Someone asked me why it was necessary to have the apostrophe s ('s) as well as the word 'of' in a structure like the following: a friend of my mother's. 'Why not just "a friend of my mother"?' she asked, since the 'of' already shows possession.
The 18th-century nitpicking grammarians got uptight about this so-called double genitive, and pronounced it incorrect. But their reasons for doing so were mainly because they were in the habit of comparing English to Latin; because Latin did not allow a double negative, nor, so they believed, should English. However, English is not Latin, and this is a very old construction in English. It had existed long before the 18th-century nitpickers started worrying about it.
In the sentence above, you could remove the 's from 'mother's' and still get a clear, unambiguous sentence, which would also be correct English: a friend of my mother. However, if you change the word 'friend' to 'picture', ambiguity is an issue. 'A picture of my mother' is a picture depicting my mother; 'a picture of my mother's' is a picture that belongs to my mother - quite different meanings.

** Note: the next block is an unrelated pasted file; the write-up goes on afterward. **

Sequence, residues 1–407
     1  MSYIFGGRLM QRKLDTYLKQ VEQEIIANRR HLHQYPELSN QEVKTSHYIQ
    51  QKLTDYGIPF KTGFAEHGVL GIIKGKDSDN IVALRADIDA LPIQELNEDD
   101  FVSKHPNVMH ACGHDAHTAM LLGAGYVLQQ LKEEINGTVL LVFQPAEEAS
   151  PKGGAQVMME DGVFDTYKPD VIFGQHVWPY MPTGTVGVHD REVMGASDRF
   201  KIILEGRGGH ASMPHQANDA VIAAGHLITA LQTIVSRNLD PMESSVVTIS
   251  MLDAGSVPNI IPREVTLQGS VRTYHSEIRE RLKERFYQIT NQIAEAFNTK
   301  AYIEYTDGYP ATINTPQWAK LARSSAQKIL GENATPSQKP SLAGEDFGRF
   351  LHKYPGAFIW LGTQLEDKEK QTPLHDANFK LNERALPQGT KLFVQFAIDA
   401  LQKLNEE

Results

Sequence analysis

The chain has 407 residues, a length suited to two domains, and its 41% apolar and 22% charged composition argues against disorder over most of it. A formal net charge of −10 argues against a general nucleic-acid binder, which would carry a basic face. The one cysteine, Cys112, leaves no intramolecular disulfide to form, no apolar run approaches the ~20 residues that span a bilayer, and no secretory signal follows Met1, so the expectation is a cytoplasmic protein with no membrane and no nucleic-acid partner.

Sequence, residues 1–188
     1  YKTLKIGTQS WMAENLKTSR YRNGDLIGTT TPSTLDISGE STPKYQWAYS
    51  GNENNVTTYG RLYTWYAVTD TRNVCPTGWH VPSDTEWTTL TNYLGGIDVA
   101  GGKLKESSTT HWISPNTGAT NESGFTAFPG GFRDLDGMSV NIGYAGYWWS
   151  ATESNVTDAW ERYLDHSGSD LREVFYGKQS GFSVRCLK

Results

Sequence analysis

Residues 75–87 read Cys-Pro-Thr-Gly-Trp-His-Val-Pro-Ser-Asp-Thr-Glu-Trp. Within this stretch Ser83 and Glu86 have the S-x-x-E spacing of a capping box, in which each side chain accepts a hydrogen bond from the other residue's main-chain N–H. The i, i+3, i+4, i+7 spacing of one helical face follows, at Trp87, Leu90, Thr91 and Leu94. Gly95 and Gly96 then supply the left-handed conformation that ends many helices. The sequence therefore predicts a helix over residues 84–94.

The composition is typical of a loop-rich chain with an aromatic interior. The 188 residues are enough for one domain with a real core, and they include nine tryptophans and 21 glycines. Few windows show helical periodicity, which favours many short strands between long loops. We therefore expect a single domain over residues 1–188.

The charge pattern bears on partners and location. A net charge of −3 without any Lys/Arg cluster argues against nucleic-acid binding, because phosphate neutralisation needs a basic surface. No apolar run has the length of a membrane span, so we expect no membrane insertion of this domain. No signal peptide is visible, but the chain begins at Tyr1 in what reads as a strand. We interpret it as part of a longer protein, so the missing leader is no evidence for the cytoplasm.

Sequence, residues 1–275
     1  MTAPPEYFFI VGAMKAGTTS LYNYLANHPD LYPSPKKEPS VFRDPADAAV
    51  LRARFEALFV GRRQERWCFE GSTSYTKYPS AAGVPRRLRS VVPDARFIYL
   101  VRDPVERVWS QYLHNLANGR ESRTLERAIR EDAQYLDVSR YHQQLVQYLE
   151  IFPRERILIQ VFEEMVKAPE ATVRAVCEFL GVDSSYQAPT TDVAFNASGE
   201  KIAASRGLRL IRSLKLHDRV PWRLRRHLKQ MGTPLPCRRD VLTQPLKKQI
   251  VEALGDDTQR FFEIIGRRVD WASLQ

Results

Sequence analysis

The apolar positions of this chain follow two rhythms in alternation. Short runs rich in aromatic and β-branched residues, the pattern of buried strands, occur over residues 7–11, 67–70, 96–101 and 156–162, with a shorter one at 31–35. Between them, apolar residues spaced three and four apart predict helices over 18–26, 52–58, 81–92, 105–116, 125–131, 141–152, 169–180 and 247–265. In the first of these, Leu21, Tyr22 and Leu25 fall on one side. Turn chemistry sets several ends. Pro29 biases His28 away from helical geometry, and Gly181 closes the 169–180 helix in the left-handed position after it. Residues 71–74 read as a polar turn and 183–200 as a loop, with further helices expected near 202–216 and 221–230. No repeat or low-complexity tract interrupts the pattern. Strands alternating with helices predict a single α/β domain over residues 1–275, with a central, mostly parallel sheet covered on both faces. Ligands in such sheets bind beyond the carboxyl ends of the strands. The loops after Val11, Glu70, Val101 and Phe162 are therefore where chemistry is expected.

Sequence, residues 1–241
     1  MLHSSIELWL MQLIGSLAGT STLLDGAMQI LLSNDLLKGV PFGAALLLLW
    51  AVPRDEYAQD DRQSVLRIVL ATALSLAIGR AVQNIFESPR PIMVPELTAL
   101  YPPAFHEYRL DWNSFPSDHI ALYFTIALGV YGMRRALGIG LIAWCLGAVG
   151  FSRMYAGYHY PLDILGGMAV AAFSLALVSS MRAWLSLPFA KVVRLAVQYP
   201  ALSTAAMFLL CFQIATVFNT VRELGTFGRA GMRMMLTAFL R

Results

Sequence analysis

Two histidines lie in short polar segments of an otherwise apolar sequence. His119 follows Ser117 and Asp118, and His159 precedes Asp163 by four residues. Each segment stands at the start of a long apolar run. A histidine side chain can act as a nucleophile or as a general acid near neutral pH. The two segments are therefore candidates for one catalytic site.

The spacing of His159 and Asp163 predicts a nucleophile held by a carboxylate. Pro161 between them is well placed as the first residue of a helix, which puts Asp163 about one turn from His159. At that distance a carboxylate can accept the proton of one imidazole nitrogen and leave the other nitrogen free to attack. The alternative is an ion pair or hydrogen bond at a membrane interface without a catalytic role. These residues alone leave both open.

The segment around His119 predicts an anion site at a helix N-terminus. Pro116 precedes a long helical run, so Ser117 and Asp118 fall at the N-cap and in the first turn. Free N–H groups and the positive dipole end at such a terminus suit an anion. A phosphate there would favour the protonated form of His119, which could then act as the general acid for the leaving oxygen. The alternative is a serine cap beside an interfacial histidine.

This construction is called the double genitive, double possessive, or post-genitive. Note that if you are using a pronoun instead of a noun, the possessive is the only possibility: a friend of yours, an uncle of mine (not 'you' or 'me').
The apostrophe is used for other purposes apart from indicating possession. It is used in phrases like 'an hour's time', 'it's all in a day's work'.